How to Install Laminate Flooring
Install Low-maintenance and Durable Laminate Flooring in the Dining Room to Eliminate Carpet from a High-wear Area
Replace high-maintenance dining room carpet with durable easy-to-clean laminate flooring that resists the wear of foot traffic from an exterior door, the dog, and dining table chairs dragging back and forth across it. The laminate floor installs easily on the concrete subfloor and, in this home, visually divides one large area into two rooms with separate functions.Read More
Mark the Dining Room Boundary for the Laminate Flooring
Divide the room at the desired boundary between carpet and laminate flooring with a strip of masking tape and a chalk-line struck on top. Lay a straight-edge along the chalk line and cut the carpet with a linoleum/carpet cutter.
Remove the Carpet and Pad to Prepare for the Laminate Flooring
Lift the carpet off the tack strip at the room's perimeter. Roll up the carpet pad beneath and pry the tack strip off the subflooring. The exposed concrete subfloor will be covered with a special underlayment for laminate flooring.
Install Trim Tack Strip between the Carpet and Laminate Flooring
Pre-Drill holes in the subfloor with a carbide-tipped masonry bit to install a trim tack strip to join/transition between carpet and laminate flooring. Clear dust from holes with compressed air and tap in plastic anchors before attaching with screws.
Join Panels of Laminated Flooring Underlayment As a Moisture Barrier
Install laminated flooring underlayment as a moisture barrier, cushioning layer, and correction for minor surface imperfections in the concrete subfloor. Unroll and cut pieces to length, butting the edges (rather than overlapping), and taping the joints with duct tape.
Trim Door Casing to Fit Laminate Flooring beneath the Wood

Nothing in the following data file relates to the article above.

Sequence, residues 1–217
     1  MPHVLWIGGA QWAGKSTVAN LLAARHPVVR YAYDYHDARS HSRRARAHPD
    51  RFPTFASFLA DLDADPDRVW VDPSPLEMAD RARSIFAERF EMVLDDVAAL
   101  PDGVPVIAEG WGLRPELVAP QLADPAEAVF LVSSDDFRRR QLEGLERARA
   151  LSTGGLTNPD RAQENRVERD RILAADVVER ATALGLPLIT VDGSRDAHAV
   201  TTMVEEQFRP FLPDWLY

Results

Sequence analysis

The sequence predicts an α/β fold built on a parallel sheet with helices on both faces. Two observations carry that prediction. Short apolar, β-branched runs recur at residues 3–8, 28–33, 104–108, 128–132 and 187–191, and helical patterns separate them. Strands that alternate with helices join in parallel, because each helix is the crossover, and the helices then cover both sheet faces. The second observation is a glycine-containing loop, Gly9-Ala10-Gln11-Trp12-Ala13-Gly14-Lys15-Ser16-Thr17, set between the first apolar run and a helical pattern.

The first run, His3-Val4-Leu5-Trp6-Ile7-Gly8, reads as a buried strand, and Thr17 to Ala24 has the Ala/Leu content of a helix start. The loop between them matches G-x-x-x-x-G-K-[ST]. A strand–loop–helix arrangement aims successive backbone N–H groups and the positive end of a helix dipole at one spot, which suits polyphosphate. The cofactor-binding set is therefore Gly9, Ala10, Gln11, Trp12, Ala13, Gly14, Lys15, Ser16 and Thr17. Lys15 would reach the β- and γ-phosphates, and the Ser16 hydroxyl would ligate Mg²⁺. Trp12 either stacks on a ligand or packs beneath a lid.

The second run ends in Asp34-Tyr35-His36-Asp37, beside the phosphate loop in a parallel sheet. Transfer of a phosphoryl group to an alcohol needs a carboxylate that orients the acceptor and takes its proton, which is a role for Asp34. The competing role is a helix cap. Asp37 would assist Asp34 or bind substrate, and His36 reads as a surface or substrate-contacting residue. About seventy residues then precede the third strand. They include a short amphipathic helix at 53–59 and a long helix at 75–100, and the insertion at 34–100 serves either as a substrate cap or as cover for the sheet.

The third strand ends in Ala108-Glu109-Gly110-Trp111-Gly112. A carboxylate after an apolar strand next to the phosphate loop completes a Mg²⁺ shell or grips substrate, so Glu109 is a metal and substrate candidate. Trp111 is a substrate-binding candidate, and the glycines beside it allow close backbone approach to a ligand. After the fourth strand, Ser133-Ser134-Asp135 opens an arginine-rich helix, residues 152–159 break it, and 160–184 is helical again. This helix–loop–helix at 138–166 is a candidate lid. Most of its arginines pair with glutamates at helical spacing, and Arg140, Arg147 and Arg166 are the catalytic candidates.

Use a Japanese side saw to saw off the bottom of the door casing to enable fitting the laminate flooring between the wooden trim and the concrete subfloor. Use piece of laminate flooring as a thickness gauge.
Cut Laminate Flooring with a Sliding Power Miter Box
Cut several rows of laminate flooring with a sliding power miter box. Score the top, pulling the blade towards you and cut through while pushing the blade away. Making cross cuts in this way helps reduce chipping.
Position and Fit Laminate Flooring to Wall Imperfections
Secure joints temporarily with duct tape and use a template to locate bowed and crooked walls. Cut to correct. Position with a 1/4 inch expansion gap between the laminate flooring and baseboard with special wedge-shaped spacers and test fit.
Disassemble Test Pieces of Laminate Flooring and Reinstall Permanently
Disassemble the test laminate flooring. Apply glue to the tongue and the groove. Join and confirm that tongue and groove are properly seated. Use flooring band-clamps to hold joints securely until the glue dries in an hour.
Remove Dried Glue from Laminated Flooring Joints
Scrape dried glue gently from the laminated flooring joints, running a plastic putty knife across the seams to avoid scratching. Follow up with a damp rag to lift any remaining dust and residue.
Seal Edges of Laminate Flooring with Appropriate Trim
Install quarter-round molding over the laminate flooring at the wall. Secure it with a pin nailer. Finish the joint between the laminate flooring and the remaining carpet by tapping the decorative transition strip into place on the base trim tack.